More than half of British news stories which mentioned terror, terrorists or terrorism also referred to Muslims or Islam, a new report has found.
This is almost nine times the amount perpetrators were identified as “far-right”, “neo-Nazi” or “white supremacist”, the analysis by the Muslim Council of Britain’s Centre for Media Monitoring (CfMM) said.
Rizwana Hamid, director of CfMM, said there was a “disproportionate focus” on Muslims and that headlines using terms such as “Allahu Akbar” implied that “religion is always the motivator”.
She added: “Whilst there now appears to be a recognition of the importance of consistency and the scale of the far-right threat amongst the broadcasters, and most of the press, there is still a long way to go.
“Inconsistencies remain, with a disproportionate focus on Muslims.
“Worst of all, headlines using religious terms such as ‘Allahu Akbar’ imply that religion is always the motivator, ignoring other factors such as criminal history and mental health issues which may be at play, and which are often mentioned when the perpetrator is not Muslim.
“However, in our interaction with editorial directors, managing editors, security correspondents and senior producers, there has generally been a willingness to reflect, and we hope our recommendations help improve standards for us all.”
The report, How The British Media Reports Terrorism, was based on an analysis of 16 terrorist attacks between 2015 and 2020 in America, Britain and Europe as well as the Christchurch attack.
The CfMM analysed more than 230,000 articles published in 31 mainstream British news websites, magazines and newswires, looking at the inconsistencies in the coverage of terrorist attacks depending on the background of the perpetrator.
The analysis looked in particular at coverage of the following terrorism attacks:
- Pittsburgh Synagogue, Pennsylvania, USA, 27 October 2018
- Thousand Oaks, California, USA 7 November 2018
- Bourke Street, Melbourne, Australia, 9 November 2018
- Strasbourg, France, 11 December 2018
- Manchester Victoria Station, Manchester, UK, 31 December 2018
- Bottrop, Germany, 1 January 2019
- Londonderry, Northern Ireland, 20 January 2019
- Christchurch, New Zealand, 15 March 2019
- Hanau, Germany 19 February 2020
Report author Fiasal Hanif, a former reporter for The Times, said:”Newspapers and online sources are driven by a commercial imperative to constantly produce clickbait and use algorithms and metrics to work out what sells, making the reporting of terrorism more of a science than an art. This can skew the coverage away from the particular realities of that single act.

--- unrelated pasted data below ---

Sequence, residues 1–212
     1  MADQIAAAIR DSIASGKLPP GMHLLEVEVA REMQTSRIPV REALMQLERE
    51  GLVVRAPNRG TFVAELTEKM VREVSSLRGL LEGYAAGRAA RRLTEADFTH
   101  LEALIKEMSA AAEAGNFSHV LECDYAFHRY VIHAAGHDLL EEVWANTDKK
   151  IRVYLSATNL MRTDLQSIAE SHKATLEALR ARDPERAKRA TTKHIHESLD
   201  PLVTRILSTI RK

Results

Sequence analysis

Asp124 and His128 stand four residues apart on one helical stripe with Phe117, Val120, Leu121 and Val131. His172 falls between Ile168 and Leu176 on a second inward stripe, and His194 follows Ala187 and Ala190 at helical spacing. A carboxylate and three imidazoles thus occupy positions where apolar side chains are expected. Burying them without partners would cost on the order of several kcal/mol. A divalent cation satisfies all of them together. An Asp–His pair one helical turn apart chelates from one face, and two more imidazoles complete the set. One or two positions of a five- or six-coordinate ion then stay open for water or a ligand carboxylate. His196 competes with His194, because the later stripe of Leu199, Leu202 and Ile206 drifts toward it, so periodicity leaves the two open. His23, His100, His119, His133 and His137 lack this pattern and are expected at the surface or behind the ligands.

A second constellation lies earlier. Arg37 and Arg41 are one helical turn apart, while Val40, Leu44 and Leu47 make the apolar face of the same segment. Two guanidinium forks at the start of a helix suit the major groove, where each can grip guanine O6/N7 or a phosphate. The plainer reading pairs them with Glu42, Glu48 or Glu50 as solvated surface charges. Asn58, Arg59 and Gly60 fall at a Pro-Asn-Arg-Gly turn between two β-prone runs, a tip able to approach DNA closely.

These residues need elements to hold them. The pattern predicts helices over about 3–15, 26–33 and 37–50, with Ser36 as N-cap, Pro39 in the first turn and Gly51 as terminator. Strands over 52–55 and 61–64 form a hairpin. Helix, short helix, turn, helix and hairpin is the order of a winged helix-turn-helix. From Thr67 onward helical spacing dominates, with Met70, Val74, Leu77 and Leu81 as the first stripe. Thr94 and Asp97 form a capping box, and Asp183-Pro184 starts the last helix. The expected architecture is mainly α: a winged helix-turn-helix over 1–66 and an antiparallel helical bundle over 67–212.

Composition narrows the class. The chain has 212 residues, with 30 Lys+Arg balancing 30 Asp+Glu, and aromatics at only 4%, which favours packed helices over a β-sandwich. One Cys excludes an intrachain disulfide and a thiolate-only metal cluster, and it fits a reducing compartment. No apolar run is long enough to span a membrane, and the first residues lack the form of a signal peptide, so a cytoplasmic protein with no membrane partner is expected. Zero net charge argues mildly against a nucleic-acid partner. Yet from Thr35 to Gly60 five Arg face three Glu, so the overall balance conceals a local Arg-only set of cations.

“The ethnicity of the perpetrator is enough for some and in many cases is the most vital detail for editors and reporters when determining whether the tag of terror should be applied. The classification of incidents in mainland Europe have been predicated on the shouting of religious slogans or the mere suggestion that they might have been uttered according to a ‘witness’.
“Certain newsrooms take this as a sufficient basis of attribution, irrespective of its reliability.
“Others still wait for clearance from those in positions of power or authority to give their verdicts, sometimes failing to take into account possible conflicts of interest or the political spin being employed to limit any scrutiny of potential security failures.
“As the terror perpetrated by white supremacists in Christchurch, El Paso and Hanau has shown, it is impossible to justify that terrorism is the preserve of one group of people.
“The plethora of information that arises after so called terror attacks, such as the state of the perpetrators mental health, no substantial links to actual terror groups, a history of criminal activity etc., demonstrates that what journalists do not immediately know about a perpetrator is just as important as what can be verified. ”
Security editor of ITV News Rohit Kachroo (quoted in the conclusion of the report) said: “When criticism comes – particularly from people who are directly affected by the words we use – we need to listen and
assess; we need to ask ourselves whether personal biases
might affect the way we see the world. The work of the Centre
for Media Monitoring offers us an opportunity to take time to
do just that.”
According to the Global Terrorism Index 2019 report, far right terrorist groups accounted for 17.2% of terrorist incidents in the West versus 6.8% for Islamist groups and 62.8% of incidents not attributed to any group in 2018.
However the report also found that terrorism attacks linked to Islam are typically more deadly.
It found that four groups were responsible for 58% of terrorism deaths worldwide in 2018: the Taliban, Boko Haram, Khorasan Chapter of the Islamic State and Islamic State of Iraq and the Levant (ISIL), also known as Daesh (which is the term the MCB favours)
Recommendations from the MCB report include:
“Adopt an internal definition of terrorism, make this transparent
and be consistent in its application.
“Care should be taken in establishing any other facts which
reasonably explain the motives or actions of the perpetrator
before the incident is described as terror.
“If the ideology of the perpetrator is suspected but not confirmed, this should be clearly indicated.
“Do not refer to Daesh as ‘Islamic State’. Either use their full
name ad-Dawlah-al-Islāmiyyah or Daesh.
“When possible avoid using images or republishing material which
terrorists would want widely disseminated.
“An individual owning a Qur’an or attending a particular mosque is not
indicative of religiosity nor does it implicate a mosque in the act.
“By headlining Allahu Akbar, it predetermines a motive when the facts might not have been established, particularly when it comes to uncovering background details such as criminal history or mental health history or other factors.”
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